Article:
New research published in BioMed Central’s open access journal BMC Immunology shows that drinking alcohol in excessive quantities or over a long period of time can weaken the body’s ability to fight viral infections.
Alcohol is also known to impair the anti-viral immune response in the liver. As a result, the body is more vulnerable to hepatitis C (HCV) and HIV.
Researchers from the University of Massachusetts Medical School looked at the effects of alcohol on monocytes collected from the blood of healthy volunteers. The study, led by Prof. Gyongyi Szabo found that activation of two disease related pathways – Toll-like receptor 8 (TLR8) and TLR4 were reduced due to consumption of 4-5 glasses of alcohol a day for seven days.
Alcohol also resulted in increased levels of the pro-inflammatory cytokine, TNFalpha, that trigger inflammation. Low amount of alcohol consumption decreased the amount of TNFalpha, however prolonged consumption increased levels of inflammation.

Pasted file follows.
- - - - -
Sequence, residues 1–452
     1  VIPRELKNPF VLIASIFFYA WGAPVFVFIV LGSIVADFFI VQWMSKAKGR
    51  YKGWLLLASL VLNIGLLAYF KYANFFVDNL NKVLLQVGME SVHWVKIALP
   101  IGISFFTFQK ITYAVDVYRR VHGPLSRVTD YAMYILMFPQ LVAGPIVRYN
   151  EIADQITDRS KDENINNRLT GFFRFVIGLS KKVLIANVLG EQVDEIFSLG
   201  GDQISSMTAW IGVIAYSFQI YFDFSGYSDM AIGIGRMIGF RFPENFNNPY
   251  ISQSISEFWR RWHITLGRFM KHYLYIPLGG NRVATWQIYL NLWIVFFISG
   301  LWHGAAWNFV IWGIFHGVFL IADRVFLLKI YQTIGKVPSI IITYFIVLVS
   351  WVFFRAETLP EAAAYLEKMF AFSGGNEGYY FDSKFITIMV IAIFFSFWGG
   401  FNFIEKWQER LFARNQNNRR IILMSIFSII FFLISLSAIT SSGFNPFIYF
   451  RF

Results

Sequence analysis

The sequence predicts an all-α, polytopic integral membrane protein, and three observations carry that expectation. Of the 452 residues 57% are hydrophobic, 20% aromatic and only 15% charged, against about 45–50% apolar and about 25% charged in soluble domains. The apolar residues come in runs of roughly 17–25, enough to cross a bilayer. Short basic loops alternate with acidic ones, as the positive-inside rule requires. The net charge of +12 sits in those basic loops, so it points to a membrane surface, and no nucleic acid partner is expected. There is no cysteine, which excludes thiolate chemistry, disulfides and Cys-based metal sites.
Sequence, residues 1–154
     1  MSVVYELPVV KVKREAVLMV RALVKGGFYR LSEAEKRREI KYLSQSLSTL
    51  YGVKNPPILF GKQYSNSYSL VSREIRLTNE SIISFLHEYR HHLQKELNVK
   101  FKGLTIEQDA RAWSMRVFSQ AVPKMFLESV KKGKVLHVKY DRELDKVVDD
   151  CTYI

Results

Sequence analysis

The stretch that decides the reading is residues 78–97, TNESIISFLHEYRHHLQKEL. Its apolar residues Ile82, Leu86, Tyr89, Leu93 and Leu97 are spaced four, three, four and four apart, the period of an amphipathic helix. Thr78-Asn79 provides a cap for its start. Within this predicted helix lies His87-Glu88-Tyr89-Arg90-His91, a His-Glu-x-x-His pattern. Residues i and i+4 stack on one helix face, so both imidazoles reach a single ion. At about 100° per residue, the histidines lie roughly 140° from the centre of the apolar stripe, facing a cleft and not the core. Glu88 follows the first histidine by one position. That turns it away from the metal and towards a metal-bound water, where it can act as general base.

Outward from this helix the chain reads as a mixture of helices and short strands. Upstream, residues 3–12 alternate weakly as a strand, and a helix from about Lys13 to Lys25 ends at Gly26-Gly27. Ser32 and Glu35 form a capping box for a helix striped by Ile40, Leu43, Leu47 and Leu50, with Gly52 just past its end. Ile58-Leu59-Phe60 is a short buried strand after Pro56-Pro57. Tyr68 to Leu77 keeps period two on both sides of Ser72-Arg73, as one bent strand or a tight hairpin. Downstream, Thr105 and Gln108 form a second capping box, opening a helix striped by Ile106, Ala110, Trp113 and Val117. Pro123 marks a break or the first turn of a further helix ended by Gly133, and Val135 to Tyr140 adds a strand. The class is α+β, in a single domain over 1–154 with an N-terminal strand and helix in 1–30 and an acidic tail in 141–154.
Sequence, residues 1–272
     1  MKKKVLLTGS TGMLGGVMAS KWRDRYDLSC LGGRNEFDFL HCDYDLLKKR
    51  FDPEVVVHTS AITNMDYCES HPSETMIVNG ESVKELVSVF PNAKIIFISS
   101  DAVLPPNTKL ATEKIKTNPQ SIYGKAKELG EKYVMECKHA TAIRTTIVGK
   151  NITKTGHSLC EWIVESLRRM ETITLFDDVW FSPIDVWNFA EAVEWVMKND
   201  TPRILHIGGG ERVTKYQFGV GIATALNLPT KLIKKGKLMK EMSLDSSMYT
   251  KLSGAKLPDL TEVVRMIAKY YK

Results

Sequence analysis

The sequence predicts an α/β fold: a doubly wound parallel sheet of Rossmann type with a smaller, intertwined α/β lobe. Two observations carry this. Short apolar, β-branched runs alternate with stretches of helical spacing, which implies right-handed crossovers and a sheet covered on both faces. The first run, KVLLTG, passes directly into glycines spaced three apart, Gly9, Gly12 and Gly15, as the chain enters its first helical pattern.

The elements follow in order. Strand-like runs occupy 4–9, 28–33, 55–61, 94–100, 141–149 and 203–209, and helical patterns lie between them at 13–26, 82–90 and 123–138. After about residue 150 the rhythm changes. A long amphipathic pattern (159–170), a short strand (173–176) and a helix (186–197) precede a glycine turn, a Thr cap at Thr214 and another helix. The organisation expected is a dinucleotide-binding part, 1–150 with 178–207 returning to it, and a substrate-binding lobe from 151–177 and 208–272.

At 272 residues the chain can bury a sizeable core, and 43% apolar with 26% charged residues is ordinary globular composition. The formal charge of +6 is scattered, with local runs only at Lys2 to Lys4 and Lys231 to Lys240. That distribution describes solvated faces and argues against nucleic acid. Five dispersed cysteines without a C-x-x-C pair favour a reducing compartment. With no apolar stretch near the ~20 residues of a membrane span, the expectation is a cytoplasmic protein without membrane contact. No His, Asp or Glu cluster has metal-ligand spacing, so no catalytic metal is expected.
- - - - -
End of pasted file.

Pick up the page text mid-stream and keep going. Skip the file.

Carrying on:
“Alcohol has a profound effect of inhibiting IFN production in monocytes regardless of whether the danger signal is intracellular (TLR8) or surface-derived (TLR4). Such a reduction would weaken the body’s ability to fight viral infection. In addition, the pro-inflammatory cytokine, TNFalpha, which promote inflammation increases along with prolonged alcohol consumption,” Prof. Gyongyi said. “Prolonged alcohol consumption changes the immune balance of monocytes activation and impair the body’s response to viral infections such as hepatitis C.”